It should be noted that if too much fluid passes through slots 92 and 94, then the amount of fluid passing through tubes 86 and nozzles 88 may be insufficient to provide the amount of thrust required for rotation of impeller 70. Similarly, if too little fluid passes through slots 92 and 94, there may be insufficient fluid flow to provide a liquid bearing surface. If so, impeller 70 may not turn due to the lack of a sufficient bearing surface. Accordingly, the angle of upper tapered surface 164 and annular tapered surface 186, and lower tapered surface 166 and conical surface 133 may have varying angles, so as to provide slots 92 and 94 with varying angles. It should be appreciated that slots 92 and 94 may each have a different angle. The angle may depend upon various design parameters, including the weight and size of blade 80 and the thrust required to rotate impeller 70. For instance, a small impeller having a diameter of 6 inches would require a slot angle of approximately 45° from the horizontal, whereas a large impeller having a diameter of 48 inches (and weighing in the range of 100-150 lbs.) would require a slot angle of approximately 30° from the horizontal. While the slot angle may vary depending upon the specific arrangement, the slot angle will typically be in a range of approximately 30°-60° from the horizontal. It should be appreciated that smaller, lighter impellers will typically have a slot angle in the range of approximately 45°-60° from the horizontal, to provide lateral centering. In contrast, larger, heavier impellers will typically have a slot angle in the range of 30°-45° from the horizontal, to provide vertical centering. In general, the slot angle will decrease as the impeller weight increases.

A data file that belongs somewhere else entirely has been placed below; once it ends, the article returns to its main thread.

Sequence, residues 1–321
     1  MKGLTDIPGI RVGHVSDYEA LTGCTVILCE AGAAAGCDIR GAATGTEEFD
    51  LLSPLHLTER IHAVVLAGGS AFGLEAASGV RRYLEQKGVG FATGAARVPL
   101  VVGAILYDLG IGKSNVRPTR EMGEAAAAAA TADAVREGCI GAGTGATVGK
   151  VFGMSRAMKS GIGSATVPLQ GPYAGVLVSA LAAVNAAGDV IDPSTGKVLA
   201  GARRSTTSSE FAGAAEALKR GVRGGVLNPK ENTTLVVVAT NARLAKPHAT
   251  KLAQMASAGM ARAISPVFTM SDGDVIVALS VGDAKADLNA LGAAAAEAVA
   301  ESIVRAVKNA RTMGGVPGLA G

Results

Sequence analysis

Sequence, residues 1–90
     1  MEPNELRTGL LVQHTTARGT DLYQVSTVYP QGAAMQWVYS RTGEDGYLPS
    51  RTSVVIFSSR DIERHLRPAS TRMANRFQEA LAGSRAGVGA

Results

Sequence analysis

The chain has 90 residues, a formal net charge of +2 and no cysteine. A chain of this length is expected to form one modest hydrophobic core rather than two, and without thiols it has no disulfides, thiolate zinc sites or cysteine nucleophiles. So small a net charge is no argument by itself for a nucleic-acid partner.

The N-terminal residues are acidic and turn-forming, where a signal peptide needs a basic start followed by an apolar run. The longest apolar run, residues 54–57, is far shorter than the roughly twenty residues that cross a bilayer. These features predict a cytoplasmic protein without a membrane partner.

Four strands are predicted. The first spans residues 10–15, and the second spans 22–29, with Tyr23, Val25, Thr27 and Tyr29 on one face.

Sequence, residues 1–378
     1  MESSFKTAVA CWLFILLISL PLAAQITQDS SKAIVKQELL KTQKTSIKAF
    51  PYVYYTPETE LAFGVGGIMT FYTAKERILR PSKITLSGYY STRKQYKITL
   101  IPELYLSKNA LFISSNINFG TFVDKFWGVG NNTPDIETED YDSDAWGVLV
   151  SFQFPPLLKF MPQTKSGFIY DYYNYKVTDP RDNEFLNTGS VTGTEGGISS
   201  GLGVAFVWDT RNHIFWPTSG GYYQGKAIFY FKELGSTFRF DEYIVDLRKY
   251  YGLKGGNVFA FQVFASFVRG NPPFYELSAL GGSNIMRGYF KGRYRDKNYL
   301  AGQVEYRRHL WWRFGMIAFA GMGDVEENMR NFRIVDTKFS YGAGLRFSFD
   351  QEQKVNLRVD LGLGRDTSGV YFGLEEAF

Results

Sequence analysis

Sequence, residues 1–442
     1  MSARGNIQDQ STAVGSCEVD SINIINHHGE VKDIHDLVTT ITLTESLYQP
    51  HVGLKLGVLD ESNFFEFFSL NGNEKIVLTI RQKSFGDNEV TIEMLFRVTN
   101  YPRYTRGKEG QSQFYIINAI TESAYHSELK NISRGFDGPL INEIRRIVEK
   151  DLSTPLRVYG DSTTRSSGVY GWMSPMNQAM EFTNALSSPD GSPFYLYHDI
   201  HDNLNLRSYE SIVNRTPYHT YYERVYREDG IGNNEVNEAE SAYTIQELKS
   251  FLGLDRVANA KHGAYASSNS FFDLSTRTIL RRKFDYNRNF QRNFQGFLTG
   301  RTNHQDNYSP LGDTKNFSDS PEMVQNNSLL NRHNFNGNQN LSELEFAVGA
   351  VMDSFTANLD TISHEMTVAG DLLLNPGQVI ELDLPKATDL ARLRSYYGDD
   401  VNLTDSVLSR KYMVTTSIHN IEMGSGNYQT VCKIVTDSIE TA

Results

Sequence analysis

A hub design according to a preferred embodiment of the present invention provides several advantages over conventional ball bearing hub assemblies. In this regard, the hub design of the present invention reduces substantially the number of moving parts, and is self-cleaning. Thus, maintenance costs are reduced. Furthermore, the hub design of the present invention uses a minimal number of parts. Therefore, design, manufacture and assembly of the present invention is easier than prior art hub assembly designs. Moreover, by using liquid to provide a bearing surface, rather than balls or other solid bearings, the problem of corrosion is also eliminated. Furthermore, liquid bearings are compatible with a jet mixer, since the fluid used to provide the bearing surface is also used to provide thrust for rotating the jet mixer impeller.
The foregoing description is a specific embodiment of the present invention. It should be appreciated that this embodiment is described for purposes of illustration only, and that numerous alterations and modifications may be practiced by those skilled in the art without departing from the spirit and scope of the invention. It is intended that all such modifications and alterations be included insofar as they come within the scope of the invention as claimed or the equivalents thereof.